If you use Homebrew (and you should), eventually you may need to install XQuartz, "open-source effort to develop a version of the X.Org X Window System that runs on OS X. Together with supporting libraries and applications, it forms the X11.app that Apple has shipped with OS X since version 10.5."
The trouble is that
brew won't install XQuartz, and it won't update it once it is installed, but it will complain if it isn't installed or is out of date. What I needed was a way to install it, if it isn't installed, or update it if it is out of date.
brew is constantly being updated, which means that you should update it every day. Something you need to do every day? Do I even need to say "automation"? Wait. I said it... but you would have guessed it. I have faith in you.
There are three parts of this: 1) a shell script to update XQuartz, 2) a shell script to update brew, and 3) a
launchd plist the run the script. You could combine #1 and #2 into one if you want, but I like keeping them separate.
Let's start with the easiest part: I want this to run automatically when my satellite quota is loosened, so I have a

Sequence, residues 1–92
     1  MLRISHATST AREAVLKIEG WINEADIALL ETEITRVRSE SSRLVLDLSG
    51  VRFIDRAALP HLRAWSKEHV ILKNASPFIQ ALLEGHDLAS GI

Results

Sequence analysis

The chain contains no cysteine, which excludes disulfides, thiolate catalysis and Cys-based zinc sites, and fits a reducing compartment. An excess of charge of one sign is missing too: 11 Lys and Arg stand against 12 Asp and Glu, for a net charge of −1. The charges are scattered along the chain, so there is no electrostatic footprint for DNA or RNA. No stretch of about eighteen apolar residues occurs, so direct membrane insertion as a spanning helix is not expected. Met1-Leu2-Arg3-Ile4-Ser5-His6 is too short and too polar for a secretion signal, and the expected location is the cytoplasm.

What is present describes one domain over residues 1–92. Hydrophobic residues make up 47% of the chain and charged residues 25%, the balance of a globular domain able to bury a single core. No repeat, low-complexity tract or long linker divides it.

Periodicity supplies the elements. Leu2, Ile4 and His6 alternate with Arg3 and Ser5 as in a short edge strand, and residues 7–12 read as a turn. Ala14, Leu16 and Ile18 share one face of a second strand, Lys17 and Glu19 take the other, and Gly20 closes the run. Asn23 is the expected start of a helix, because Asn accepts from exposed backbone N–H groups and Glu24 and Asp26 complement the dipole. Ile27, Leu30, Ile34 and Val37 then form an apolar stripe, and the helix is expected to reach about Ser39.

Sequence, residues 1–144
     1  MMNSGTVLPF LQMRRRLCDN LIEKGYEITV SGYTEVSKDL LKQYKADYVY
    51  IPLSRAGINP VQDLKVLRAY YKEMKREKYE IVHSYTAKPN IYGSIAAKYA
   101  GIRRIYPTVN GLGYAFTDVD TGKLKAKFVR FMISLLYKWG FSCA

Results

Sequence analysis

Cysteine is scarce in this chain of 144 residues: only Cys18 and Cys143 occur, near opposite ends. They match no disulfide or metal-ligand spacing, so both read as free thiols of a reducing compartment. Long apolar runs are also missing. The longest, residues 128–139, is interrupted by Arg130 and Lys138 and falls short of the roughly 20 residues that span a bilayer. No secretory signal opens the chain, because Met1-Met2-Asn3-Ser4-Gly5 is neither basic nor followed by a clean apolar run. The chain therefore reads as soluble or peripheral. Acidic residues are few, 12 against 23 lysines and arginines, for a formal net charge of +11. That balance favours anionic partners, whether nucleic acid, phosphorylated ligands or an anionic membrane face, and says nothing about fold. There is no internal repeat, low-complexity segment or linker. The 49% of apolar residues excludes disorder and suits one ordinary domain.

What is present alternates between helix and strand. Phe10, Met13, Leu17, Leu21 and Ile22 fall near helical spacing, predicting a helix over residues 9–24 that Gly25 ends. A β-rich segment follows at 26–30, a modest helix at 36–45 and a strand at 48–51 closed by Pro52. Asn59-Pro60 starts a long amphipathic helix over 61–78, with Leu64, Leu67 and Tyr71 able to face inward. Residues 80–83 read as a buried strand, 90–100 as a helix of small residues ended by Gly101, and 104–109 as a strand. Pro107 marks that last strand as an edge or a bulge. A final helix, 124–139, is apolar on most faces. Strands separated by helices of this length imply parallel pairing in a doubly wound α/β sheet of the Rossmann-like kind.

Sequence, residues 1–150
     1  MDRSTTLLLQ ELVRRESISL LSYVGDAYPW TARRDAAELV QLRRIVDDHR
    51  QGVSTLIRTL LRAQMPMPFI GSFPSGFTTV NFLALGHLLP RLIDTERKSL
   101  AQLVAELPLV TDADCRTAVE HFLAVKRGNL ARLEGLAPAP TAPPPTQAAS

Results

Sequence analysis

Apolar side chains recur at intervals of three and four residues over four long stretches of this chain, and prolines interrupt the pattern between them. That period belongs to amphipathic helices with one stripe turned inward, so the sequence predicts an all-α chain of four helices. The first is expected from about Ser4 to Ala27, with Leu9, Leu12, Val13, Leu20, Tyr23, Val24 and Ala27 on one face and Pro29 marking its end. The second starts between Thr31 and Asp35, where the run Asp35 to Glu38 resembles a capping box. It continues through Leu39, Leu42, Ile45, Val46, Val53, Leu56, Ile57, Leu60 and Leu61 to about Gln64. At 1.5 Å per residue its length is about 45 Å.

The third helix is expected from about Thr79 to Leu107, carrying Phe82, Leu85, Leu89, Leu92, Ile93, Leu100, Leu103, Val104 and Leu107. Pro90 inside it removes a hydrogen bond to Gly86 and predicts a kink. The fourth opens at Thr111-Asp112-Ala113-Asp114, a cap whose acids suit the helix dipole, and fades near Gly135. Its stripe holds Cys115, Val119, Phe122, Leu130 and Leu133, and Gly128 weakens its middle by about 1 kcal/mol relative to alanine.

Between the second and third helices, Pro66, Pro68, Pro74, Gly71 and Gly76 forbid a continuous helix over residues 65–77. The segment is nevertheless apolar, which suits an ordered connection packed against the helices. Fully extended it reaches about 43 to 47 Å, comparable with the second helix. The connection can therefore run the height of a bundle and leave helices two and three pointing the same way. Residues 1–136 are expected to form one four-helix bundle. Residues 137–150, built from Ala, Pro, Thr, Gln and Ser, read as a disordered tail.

launchd plist to run my shell script at 3:03 a.m. every day:
Why 3:03 a.m.? Because my quota is loosened between 2:00 a.m. and 8:00 a.m., but I don't want to have to worry about Daylight Saving Time, so after 3:00 a.m. seemed like the best way to do that.
The Shell Script(s)
updatebrew.sh script has two pieces. The first is
di-xquartz.sh which will (d)ownload and (i)nstall XQuartz:
Another detail: if you want to be able to run that script without needing to enter your administrator password, you'll need to add this line to
%admin ALL=NOPASSWD: /usr/sbin/installer
The only time you should do this is if you are the only administrator user on your Mac, or if you understand the risks.
Next you need to run the two commands to update brew and any outdated brew utilities:
brew update and
brew upgrade, followed by
brew doctor to make sure everything is OK. You want it simple? All you really need is this:
Note that this script includes the
di-xquartz.sh as well as the
That's pretty bare-bones, but it'll get the job done. Just be sure to check the log file. If you want something a little more (robust? complicated?), you could send the log to your iPhone using Pushover. As my Computer Science professor used to say, "the rest is left as an exercise for the reader."